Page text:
Computed breakthrough curves through the Boise core samples with the XL polymer and the clean core sample are shown in Figs. 23 and 24. The results of the simulation demonstrate that the dispersion coefficient of the Boise core sample after it was treated with the XL polymer is equal to 4.58 × 10−06 cm2/s, which is 2 times higher than the dispersion coefficient obtained for the clean Boise core. The difference in the dispersion coefficients between the simulation and the core flood experiment can be explained by the difference in the scale of the study. From Fig. 24, it can be seen that the porous volume of the core treated with the XL polymer reduced and the breakthrough happened earlier than for the clean sample. These results confirm that the XL polymer creates a few dominant flow paths which make the flow more heterogeneous.
Fig. 23

Breakthrough curves through binary images of the Boise core samples (with the XL polymer and the clean Boise core): C/C0 versus dimensionless porous volume

Fig. 24

Breakthrough curves through binary images of the core samples: C/C0 versus volume (cm3)

5.2 Conclusions

In addition to studying the cross-linking process in bulk, we demonstrated its behaviour at the core scale (1 m length) as well as on the pore scale. The gelation time in bulk suggested that the PEC could effectively delay the time of the cross-linking even at high brine mineralization. However, the delay experienced in the core flood experiment was much shorter. The early increase in the differential pressure observed in the core flood experiment can be explained by the mechanical entrapment of formed gel particles. The filtration test showed that the growth of the particles is observed over time. This suggests that bulk gelation experiments may not be relevant for use in porous media. Filtration tests offer a much more useful alternative to the conventional bulk gelation tests. Tracer tests demonstrated that the XL polymer reduced the pore volume by roughly 6% (in absolute terms). The micro-CT images showed that most of the XL polymer was retained in the smaller pores of the core. The large increase in dispersion coefficient suggests that this must have resulted in the creation of a few dominant flow paths isolated from each other by closure of the smaller pores.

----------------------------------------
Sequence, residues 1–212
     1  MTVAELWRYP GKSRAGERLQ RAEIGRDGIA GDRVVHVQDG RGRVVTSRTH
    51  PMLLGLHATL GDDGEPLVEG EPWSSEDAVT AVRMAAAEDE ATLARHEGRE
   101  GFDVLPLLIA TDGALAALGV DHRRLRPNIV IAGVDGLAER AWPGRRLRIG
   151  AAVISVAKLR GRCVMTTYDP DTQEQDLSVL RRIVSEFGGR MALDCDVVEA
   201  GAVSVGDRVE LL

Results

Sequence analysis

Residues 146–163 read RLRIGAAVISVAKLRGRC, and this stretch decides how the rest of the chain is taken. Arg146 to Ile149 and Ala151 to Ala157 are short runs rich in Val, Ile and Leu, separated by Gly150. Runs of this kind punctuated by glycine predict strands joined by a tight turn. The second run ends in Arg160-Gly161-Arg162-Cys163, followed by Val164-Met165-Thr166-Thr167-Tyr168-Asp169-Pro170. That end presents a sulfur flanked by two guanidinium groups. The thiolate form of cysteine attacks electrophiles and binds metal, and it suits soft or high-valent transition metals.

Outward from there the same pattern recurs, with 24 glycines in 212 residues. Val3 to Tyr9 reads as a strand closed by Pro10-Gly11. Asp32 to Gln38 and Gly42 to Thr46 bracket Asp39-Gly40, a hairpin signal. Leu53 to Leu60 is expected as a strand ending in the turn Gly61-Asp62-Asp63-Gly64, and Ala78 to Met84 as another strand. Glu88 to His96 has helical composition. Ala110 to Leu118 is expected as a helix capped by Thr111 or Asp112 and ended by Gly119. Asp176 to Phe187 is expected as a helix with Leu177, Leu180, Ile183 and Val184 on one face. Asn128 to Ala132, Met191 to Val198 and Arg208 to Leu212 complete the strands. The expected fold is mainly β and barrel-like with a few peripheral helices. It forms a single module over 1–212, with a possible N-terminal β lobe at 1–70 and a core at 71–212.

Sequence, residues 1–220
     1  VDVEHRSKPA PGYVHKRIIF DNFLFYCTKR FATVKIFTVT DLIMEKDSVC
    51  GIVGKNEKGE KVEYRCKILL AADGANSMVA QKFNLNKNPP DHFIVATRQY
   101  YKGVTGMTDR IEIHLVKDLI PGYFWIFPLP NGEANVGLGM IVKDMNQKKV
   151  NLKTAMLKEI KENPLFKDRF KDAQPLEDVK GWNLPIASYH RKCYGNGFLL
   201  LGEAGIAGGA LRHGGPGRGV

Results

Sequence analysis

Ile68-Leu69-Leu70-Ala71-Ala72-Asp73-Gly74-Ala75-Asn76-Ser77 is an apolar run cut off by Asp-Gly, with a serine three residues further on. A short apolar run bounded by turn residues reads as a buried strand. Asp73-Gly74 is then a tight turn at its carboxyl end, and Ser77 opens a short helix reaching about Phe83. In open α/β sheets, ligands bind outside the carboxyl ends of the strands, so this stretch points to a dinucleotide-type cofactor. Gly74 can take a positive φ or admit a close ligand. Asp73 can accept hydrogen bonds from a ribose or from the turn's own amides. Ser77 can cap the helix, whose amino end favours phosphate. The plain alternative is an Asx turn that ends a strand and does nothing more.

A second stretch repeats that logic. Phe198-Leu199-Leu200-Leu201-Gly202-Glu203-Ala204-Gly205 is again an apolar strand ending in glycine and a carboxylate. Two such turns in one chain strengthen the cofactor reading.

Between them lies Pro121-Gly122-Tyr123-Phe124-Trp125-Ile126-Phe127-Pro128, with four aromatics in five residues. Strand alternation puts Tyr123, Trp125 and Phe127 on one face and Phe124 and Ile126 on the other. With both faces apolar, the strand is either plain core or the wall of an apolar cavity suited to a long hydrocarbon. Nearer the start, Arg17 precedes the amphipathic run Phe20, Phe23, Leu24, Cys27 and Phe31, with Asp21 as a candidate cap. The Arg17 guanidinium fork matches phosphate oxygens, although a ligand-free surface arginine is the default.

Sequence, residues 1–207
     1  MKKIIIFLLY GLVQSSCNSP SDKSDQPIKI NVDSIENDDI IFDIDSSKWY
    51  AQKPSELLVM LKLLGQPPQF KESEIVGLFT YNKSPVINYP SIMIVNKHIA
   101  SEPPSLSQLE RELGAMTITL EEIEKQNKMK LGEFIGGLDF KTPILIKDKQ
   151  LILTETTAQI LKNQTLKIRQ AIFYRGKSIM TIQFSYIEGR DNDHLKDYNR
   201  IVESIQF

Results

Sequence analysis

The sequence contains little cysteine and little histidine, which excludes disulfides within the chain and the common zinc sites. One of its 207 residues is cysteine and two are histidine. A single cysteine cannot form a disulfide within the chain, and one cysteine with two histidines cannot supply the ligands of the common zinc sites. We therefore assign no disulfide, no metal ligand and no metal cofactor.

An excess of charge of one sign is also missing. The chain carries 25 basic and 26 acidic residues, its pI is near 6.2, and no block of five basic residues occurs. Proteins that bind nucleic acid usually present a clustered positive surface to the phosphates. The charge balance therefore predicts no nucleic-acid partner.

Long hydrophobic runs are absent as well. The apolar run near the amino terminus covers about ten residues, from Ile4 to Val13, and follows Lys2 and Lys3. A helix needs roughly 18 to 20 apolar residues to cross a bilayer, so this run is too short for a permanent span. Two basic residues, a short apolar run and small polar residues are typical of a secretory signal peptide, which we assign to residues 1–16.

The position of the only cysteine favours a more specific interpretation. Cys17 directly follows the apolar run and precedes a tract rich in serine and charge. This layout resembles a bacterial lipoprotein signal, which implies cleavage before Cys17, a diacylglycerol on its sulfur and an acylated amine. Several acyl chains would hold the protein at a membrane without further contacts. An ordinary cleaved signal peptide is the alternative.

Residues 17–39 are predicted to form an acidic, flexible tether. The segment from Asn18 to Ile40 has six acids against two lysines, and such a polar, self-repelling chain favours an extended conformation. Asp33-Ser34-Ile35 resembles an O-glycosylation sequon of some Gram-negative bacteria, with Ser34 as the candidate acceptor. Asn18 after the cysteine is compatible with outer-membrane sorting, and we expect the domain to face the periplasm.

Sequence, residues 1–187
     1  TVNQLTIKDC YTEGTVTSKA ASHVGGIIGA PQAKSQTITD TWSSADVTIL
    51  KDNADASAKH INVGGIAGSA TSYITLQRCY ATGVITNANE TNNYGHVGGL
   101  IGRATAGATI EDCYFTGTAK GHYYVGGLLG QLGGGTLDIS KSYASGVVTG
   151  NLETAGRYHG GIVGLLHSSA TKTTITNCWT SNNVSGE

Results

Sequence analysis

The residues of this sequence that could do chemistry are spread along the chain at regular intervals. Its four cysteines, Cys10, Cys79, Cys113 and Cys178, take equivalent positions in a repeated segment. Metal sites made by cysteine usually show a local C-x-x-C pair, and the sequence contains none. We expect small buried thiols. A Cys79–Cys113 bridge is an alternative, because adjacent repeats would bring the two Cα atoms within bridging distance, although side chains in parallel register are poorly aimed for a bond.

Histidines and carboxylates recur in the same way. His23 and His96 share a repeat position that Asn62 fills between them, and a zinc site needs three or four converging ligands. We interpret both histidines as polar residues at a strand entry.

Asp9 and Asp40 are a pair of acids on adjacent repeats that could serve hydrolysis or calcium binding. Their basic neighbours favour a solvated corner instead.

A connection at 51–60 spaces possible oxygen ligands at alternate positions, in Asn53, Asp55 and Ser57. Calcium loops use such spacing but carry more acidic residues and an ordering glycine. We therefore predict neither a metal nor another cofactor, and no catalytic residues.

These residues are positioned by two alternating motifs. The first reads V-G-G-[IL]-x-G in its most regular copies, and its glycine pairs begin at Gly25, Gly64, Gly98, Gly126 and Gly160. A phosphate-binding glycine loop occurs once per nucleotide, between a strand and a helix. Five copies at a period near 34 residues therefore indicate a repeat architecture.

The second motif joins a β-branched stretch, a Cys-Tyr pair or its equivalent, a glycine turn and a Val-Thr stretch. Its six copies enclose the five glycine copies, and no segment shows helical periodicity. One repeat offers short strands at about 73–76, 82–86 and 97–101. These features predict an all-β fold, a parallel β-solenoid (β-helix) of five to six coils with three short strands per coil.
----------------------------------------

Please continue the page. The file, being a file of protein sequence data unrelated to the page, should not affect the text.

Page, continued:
The AddiDict simulation showed an increase in the dispersion coefficient by 2 times after the placement of the XL polymer in the core. The results of the study confirm that the XL polymer creates a few dominant flow paths in the core. The difference in the dispersion coefficients between the simulation and the core flood experiment can be explained by the difference in a scale of the study.


  1. 1.

    For XL-free polymer injection at a 0.12 ml/min flow rate, a pressure drop of 0.56 [bar] was measured, corresponding to an in situ viscosity of 1.2 × 102 [cP].



The authors would like to thank Shell Global Solutions International for their support. We are grateful to Menno van Haasterecht and Leandra David for their help in carrying out the core flood experiment. Moreover, we wish to thank Steffen Berg, Wim Verwaal and Joost van Meel for their assistance with the micro-CT scan analysis.


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Authors and Affiliations

  1. 1.Delft University of TechnologyDelftThe Netherlands
  2. 2.Shell Global Solutions InternationalAmsterdamThe Netherlands